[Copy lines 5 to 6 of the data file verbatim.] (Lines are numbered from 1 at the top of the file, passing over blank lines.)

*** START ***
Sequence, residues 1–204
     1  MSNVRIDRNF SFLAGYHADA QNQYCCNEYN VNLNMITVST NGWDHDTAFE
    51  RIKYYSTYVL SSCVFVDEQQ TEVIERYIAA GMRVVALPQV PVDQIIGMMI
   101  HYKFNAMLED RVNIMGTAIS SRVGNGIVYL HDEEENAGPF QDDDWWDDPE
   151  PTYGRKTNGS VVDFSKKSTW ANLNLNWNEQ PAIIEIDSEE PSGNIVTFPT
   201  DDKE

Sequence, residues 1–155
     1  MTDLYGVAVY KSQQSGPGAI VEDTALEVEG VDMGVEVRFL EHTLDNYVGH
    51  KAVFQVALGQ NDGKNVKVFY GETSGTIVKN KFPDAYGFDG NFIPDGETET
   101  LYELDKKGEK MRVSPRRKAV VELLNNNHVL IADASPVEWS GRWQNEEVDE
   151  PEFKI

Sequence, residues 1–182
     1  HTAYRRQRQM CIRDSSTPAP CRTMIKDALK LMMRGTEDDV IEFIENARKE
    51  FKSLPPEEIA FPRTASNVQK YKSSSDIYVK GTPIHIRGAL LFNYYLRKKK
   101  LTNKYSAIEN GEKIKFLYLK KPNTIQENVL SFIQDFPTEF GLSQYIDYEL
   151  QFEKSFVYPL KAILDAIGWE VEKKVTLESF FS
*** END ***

   151  PTYGRKTNGS VVDFSKKSTW ANLNLNWNEQ PAIIEIDSEE PSGNIVTFPT
   201  DDKE